Canada is slowly but steadily inching towards becoming the second country on earth to legalize cannabis on the national level, with dreamboat Prime Minister Justin Trudeau’s government promising to present a plan to do just that sometime next year.

But unlike tiny Uruguay, which technically legalized a few years ago but where retail recreational marijuana stores are still nothing more than a nice-sounding idea, Canada’s Liberal government says sales could begin as soon as 2018.

And when they do, oh—the billions will flow.

A legal Canadian cannabis marketplace has the potential to record sales in excess of $4.5 billion—that’s in American dollars—by 2021, according to an industry estimate cooked up by Canaccord Genuity, a Vancouver-based financial services firm.

And assuming that a federally licensed retail-marijuana marketplace captures the demand currently being fulfilled by the black market, Canadian marijuana consumers could buy about 882,000 pounds in the first year of retail sales, analysts with the firm told Bloomberg News.

Canada already has medical marijuana dispensaries operating in several major cities, but they’re doing so in violation of federal law, which leaves them prone to being the subject of police raids. (But again, since this is Canada and not America, raids appear to do little more than temporarily interrupt business.)

At least some of that marijuana is coming from one of the 36 producers with cannabis-cultivation licenses from Health Canada (though not every licensed producer is necessarily selling product).

It’s not known how many of these will start producing recreational cannabis or how many more producers will be allowed to turn on the lights, but together, demand for recreational and medical cannabis is expected to exceed one million pounds by 2021, Canaccord guesses.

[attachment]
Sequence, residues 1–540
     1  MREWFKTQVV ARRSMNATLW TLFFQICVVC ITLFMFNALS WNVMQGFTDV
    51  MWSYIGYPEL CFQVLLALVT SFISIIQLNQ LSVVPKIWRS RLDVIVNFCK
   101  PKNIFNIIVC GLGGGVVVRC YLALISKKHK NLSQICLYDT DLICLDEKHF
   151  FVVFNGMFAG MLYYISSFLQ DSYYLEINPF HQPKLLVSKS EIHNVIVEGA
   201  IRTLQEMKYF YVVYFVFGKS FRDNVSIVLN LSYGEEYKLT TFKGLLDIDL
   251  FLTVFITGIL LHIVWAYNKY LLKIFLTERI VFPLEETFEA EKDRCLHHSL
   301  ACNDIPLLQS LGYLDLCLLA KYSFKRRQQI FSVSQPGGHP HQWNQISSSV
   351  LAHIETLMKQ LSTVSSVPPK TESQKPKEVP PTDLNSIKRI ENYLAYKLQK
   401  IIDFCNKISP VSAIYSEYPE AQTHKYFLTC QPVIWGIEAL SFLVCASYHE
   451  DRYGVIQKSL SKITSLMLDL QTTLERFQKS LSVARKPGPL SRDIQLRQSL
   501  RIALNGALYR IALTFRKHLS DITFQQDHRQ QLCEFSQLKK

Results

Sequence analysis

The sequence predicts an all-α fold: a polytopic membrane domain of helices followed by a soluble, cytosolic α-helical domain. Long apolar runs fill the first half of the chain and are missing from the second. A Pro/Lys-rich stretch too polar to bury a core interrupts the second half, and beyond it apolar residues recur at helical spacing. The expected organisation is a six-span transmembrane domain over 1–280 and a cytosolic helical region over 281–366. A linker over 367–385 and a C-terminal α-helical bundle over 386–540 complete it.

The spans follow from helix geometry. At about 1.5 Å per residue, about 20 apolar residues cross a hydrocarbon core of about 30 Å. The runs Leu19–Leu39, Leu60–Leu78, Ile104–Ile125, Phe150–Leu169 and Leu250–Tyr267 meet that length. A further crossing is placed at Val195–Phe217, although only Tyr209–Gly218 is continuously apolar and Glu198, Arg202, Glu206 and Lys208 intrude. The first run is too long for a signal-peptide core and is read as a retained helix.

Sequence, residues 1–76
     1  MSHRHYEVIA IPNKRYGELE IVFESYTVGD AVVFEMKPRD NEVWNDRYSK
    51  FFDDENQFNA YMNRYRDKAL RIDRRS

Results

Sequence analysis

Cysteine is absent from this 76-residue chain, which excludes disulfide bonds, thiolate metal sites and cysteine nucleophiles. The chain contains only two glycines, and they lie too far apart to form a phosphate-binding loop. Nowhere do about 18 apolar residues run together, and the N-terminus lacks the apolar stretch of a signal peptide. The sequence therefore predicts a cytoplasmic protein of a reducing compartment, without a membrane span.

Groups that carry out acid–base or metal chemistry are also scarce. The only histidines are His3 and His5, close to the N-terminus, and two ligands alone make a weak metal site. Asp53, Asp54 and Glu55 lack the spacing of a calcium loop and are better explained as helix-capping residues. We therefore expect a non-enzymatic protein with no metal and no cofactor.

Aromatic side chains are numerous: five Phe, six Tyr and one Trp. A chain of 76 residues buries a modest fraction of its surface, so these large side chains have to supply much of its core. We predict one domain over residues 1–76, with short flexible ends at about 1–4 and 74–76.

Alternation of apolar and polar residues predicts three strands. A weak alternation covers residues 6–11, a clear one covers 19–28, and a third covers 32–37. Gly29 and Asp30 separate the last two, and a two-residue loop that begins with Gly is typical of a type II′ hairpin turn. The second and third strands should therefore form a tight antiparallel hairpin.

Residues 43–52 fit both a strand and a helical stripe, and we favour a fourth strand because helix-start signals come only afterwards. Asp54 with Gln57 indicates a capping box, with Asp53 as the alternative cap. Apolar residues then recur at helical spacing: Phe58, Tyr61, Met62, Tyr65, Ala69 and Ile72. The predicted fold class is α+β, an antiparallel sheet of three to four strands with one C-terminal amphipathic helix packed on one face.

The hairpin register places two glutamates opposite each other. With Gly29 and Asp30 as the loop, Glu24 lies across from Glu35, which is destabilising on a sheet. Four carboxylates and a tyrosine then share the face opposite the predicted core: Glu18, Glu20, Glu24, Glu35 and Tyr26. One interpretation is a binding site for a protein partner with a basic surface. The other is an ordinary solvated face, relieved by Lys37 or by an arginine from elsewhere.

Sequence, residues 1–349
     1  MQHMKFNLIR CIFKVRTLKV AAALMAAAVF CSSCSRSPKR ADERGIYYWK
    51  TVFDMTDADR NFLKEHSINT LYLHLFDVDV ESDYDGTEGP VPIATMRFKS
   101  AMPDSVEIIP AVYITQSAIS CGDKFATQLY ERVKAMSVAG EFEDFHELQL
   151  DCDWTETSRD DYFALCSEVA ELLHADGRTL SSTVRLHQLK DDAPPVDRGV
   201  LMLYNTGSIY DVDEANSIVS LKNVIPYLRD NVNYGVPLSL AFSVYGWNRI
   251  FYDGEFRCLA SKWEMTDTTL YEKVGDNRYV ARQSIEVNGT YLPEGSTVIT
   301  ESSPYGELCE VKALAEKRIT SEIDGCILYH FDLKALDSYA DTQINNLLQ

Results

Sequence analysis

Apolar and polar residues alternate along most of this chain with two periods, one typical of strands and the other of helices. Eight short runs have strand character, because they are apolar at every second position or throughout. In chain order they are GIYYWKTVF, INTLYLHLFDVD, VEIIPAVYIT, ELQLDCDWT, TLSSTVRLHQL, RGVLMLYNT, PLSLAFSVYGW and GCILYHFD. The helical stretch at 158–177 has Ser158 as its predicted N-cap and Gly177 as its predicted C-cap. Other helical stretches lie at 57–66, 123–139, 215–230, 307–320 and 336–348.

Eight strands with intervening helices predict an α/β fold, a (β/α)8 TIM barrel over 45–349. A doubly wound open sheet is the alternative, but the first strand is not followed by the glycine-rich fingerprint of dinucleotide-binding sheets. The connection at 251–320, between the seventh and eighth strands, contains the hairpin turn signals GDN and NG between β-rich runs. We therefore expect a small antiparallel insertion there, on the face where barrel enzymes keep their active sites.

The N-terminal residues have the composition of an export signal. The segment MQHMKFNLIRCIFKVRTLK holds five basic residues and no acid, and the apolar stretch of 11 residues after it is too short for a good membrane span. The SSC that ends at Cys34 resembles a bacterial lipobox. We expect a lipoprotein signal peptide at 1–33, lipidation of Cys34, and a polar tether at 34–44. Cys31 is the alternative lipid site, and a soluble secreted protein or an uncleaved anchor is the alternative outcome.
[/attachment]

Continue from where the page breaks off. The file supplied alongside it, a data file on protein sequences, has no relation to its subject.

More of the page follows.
All that weed will be purchased by 4 million users—which, at an average of four ounces a year per user, sounds feasible.

And Canaccord’s estimate is conservative. Other estimates peg the Canadian cannabis marketplace at a few more billion, with eight million consumers.

Keep in mind nearly every estimate of marijuana’s market potential throws around figures in the billions like a grower does grams of purple at a Cannabis Cup, and every estimate is based on other estimates—namely, the size of the black market, which has none of the benchmarks regulated, licensed industries enjoy.

Also keep in mind there are fewer people in all of Canada (35 million) than there are in California (38 million), where state tax collectors are planning on raking in as much as $1 billion in cannabis taxes, based on a 15 percent excise tax.

But Canada’s big problem could turn out to be supply-sided—as in not enough marijuana to meet the demand. The current licensing system was set up by the prior Conservative government, and is notoriously difficult to navigate. The government granted those 36 licenses out of a field of more than 1,200 applicants, according to Huffington Post Canada.

If it’s still excessively difficult to produce legal weed after legalization, demand will be fulfilled by the black market, Canaccord warns, a situation similar to what Americans saw in Washington state in legalization’s early days.

Or by the local friendly outlaw marijuana dispensary, the same place Kush-seeking Canucks are patronizing now.

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